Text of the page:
Unravelling deeper mysteries around Mahatma's assassination: Usne Gandhi ko Kyoon Maara
Seven decades after Mahatma Gandhi was killed, several aspects about the assassination are still away from public eye.
'Usne Gandhi Ko Kyoon Maara' is the much-awaited book that brings to fore important facets about the conspiracy as well as information about lesser known facts and documents. Shams Ur Rehman Alavi speaks to the author about his book.
Here are six straight questions.
Q. From Gandhi's firm stand against partition earlier, followed by Congress leadership's coming round to the idea and Gandhi's acceptance later, this aspect has always intrigued people. How do you see the contradiction and have you dealt with it in this book?
Ashok Kumar Pandey: As far as Gandhi is concerned, there was no contradiction at all. He never accepted partition. The experience of combined government with Muslim League and continuous civil war kind of situations after ‘Direct Action’ call of Jinnah, frustrated congress leaders like Patel and Nehru so much that they accepted partition for a peaceful future.
Patel was the first to accept. Gandhi was in Noakhali and his questions were almost unanswered. In the working committee he was reduced to minority. No one except Khan Abdul Ghaffar Khan and Lohia opposed the proposal. Gandhi was left alone. Even masses were fed up with violence. Gandhi told more than once that no one is listening to him. Gandhi didn’t fail us, communal elements of both sides failed us.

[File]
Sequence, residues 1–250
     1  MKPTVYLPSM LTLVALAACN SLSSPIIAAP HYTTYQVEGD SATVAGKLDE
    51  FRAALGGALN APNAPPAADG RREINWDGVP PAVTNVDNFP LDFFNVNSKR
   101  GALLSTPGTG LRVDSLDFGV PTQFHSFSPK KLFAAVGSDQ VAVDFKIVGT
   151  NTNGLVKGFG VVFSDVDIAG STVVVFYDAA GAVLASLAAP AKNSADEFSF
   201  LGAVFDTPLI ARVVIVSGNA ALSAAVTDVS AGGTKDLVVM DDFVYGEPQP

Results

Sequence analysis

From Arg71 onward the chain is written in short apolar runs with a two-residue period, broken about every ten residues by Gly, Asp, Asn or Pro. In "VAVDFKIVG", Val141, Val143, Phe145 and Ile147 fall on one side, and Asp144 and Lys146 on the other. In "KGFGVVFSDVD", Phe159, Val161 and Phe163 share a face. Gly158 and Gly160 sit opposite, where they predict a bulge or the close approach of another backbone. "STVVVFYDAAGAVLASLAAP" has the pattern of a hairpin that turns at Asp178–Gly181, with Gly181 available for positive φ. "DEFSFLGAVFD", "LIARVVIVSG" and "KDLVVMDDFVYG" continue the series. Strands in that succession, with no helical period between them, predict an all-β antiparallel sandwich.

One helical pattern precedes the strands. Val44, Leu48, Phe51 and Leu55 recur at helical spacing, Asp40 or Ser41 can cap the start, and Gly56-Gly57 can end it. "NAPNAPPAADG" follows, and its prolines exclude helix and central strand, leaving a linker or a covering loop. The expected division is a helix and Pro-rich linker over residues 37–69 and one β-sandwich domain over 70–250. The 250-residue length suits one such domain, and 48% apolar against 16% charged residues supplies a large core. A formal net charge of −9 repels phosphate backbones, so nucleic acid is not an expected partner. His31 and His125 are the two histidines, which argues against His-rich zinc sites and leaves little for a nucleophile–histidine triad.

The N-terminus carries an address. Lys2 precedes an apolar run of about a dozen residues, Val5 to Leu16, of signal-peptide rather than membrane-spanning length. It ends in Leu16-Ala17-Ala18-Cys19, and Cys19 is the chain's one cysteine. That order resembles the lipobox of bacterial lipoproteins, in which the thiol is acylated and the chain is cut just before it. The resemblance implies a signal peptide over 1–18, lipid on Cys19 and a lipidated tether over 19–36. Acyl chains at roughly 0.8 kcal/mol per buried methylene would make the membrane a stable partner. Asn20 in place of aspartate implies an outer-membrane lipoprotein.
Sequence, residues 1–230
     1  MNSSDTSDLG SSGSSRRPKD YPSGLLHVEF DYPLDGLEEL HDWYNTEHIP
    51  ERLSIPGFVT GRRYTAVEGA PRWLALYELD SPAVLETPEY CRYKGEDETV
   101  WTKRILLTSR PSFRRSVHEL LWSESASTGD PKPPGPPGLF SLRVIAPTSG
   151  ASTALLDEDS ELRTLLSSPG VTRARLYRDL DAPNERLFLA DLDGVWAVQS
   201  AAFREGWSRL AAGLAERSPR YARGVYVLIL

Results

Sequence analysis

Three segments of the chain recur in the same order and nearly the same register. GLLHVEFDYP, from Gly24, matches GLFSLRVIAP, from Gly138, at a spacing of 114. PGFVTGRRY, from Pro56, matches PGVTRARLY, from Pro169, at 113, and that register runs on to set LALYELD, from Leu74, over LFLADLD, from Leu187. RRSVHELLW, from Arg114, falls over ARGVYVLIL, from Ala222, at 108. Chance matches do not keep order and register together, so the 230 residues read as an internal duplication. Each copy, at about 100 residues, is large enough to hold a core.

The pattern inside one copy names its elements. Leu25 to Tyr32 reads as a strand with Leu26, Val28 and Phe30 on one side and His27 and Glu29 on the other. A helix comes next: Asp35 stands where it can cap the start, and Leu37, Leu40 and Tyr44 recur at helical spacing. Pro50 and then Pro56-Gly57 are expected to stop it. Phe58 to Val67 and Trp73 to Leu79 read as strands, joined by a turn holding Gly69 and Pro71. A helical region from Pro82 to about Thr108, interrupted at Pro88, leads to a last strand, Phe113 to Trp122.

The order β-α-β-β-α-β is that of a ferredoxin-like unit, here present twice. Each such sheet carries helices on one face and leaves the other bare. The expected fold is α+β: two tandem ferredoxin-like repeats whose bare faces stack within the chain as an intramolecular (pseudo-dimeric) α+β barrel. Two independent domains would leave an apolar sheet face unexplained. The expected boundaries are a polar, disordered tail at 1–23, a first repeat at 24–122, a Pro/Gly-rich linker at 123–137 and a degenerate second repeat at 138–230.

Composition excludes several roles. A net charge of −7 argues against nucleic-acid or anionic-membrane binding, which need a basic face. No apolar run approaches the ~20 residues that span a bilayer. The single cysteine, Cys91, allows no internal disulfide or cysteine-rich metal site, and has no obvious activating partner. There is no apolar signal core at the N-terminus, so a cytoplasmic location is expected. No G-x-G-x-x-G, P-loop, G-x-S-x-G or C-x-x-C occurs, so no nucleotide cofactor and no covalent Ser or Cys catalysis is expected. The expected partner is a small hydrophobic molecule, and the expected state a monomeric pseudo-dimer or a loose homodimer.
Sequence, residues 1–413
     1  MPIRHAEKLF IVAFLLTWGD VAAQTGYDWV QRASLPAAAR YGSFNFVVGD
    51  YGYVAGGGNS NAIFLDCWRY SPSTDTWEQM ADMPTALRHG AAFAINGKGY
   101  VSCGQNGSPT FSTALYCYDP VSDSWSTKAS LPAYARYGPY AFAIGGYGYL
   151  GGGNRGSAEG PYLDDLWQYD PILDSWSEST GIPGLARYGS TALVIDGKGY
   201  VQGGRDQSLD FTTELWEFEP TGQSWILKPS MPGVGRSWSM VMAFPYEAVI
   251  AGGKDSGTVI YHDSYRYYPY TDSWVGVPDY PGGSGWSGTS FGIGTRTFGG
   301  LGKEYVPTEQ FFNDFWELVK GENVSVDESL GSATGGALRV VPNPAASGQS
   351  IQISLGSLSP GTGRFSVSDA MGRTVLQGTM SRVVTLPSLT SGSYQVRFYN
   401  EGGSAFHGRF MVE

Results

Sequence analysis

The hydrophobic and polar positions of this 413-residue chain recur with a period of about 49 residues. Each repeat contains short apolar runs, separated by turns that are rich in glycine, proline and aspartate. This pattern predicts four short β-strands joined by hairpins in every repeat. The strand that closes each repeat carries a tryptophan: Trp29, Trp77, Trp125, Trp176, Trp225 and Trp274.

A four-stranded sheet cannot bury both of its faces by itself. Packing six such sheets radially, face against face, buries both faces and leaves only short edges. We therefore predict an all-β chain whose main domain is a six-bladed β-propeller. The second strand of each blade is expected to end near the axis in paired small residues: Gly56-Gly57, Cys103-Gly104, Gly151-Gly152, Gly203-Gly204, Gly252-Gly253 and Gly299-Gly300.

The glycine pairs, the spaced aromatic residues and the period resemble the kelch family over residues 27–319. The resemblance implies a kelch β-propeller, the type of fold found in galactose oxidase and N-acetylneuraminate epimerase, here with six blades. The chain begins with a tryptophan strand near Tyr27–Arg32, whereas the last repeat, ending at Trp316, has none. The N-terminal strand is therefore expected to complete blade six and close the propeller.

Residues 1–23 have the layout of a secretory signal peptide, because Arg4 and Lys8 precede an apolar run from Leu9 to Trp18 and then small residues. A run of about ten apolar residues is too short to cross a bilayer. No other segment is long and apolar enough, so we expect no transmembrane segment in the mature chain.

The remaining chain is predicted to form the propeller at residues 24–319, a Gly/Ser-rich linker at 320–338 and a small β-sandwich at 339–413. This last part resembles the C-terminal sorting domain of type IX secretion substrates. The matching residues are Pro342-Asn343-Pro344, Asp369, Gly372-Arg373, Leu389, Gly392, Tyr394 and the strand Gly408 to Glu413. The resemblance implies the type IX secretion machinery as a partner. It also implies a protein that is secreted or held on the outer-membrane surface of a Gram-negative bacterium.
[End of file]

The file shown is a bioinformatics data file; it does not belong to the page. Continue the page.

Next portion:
Q. There has been a lot of hearsay about the ownership of the gun used in the assassination and the conspiracy's link to Gwalior and Eastern UP. Does the book help reader in reaching a conclusion about the mystery?
Ashok Kumar Pandey: The gun was procured by Godse from one Mr. Parchure, who was a Hindu Mahasabha leader from Gwalior. He was let off by Punjab high court on the basis of some technical faults. Three more were declared absconded and they were never ‘found.’ That’s the official story, rest as you said is hearsay.
Q. Do you feel that the government didn't take adequate measures regarding Gandhis' security and faltered in assessing threat to his life despite the attacks and similar bids in the past? Has the book thrown light on this important aspect?
Ashok Kumar Pandey: Absolutely. Justice Atmacharan, Punjab High court and then the Kapoor commission has clearly mentioned that. What was the need to ask him? He was a national asset and every effort should have been made to save him. There are serious lapses in the whole process, the book hasdiscussed it in detail through documents and archives.
Q. Does the book also provide insight into the events leading to partition and independence and the role and mindsets of important leaders of Congress and league.
Ashok Kumar Pandey: Yes. That’s an important section of this book.
Q. What new insight the book offers to those who have gone through texts on Gandhi's assassination and trial.
Ashok Kumar Pandey: It has dug deep into the archives and Kapoor Commission report. In fact, this book starts with the first attack on Gandhi in Africa and ends with his murder. I have tried to capture the ideological development of Gandhi vis a vis that of Hindutva, their inherent contradiction and resultant socio-political implications on Indian History. Along with that there is a point to point rebuttal of Godse’s allegations on Gandhi, based on historical facts.
Q. How much time and effort you put in and how many books, sources did you go through as part of the research for this book?
Ashok Kumar Pandey: The biblio contains about 70 books and few other documents along with 92 volumes of CWMS. It took about two years to research and write the book.
[Rajkamal Prakashan has published the book. It is available at book stores and online too]